Annual reports of the Bureau of Democracy, Human Rights, and Labor of the United States State Department played a significant role by including the Schengen ban on Rev. and Mrs. Moon as among its noted violations of religious freedom. The following is an example taken from its 2002 list of religious freedom violations:
Germany: …In August 2002, the federal Interior Ministry extended its immigration exclusion (refusal to issue a visitor visa) against the founder of the Unification Church, Reverend Sun Myong [sic.] Moon, and his wife, Hak Ja Han Moon. The couple has been refused entry to the country (and through the Schengen Treaty visa ineligibility, to other Schengen countries) since 1995, when the Chief Office for Border Security issued a notice of refusal of entry for an initial period of 3 years. The stated reason for refusal of entry was that Reverend Moon and his wife were considered by the federal government to be leaders of a “sect” that endangered the personal and social development of young people; therefore, their entry to the country would not be in the national interest. The Government had extended the refusal of entry repeatedly, and was the only European country to extend the ban last August for a period of 2 years, citing only the original basis for the refusal.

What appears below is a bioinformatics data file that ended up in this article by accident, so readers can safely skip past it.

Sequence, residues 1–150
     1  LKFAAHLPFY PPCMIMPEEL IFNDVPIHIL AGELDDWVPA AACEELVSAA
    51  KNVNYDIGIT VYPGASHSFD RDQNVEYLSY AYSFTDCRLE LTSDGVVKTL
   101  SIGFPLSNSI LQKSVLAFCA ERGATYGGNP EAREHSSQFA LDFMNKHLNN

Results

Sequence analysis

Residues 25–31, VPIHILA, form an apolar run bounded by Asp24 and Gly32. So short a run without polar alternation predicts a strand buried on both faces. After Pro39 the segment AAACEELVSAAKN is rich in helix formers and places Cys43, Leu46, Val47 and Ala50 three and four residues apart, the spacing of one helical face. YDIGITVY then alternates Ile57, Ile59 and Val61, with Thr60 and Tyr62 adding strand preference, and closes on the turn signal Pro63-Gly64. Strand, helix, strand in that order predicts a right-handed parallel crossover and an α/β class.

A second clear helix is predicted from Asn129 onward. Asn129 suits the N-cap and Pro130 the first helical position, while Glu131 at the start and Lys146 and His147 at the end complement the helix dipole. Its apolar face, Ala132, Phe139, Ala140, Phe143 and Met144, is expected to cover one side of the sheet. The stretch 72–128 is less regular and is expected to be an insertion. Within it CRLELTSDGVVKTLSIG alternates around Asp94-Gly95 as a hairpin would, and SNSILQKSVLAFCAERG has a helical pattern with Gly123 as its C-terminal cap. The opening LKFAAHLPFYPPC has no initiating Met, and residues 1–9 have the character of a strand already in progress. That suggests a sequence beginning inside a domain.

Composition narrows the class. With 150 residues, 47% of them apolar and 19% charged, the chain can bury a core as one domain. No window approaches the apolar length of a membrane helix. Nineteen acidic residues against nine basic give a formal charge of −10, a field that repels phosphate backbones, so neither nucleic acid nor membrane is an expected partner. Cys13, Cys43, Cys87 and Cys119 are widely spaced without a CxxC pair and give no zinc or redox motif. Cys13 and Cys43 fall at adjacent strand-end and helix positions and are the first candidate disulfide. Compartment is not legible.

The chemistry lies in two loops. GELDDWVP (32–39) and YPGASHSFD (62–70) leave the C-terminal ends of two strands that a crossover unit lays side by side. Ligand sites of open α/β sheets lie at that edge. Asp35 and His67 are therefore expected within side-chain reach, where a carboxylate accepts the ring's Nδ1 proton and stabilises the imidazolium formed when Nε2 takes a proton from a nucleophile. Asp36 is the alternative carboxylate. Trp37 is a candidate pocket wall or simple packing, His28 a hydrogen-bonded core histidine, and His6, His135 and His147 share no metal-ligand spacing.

This put pressure on countries to remove the ban.
Apart from organizations, many prominent individuals wrote letters urging an end to the ban. These included former U.S. Secretary of State Alexander Haig and scholars of religion such as Hubert Seiwert, a well-known scientist of comparative religions at the University of Leipzig and member of the Parliamentary Enquete Commission on “So-called Sects and Psychogroups.” Seiwert wrote,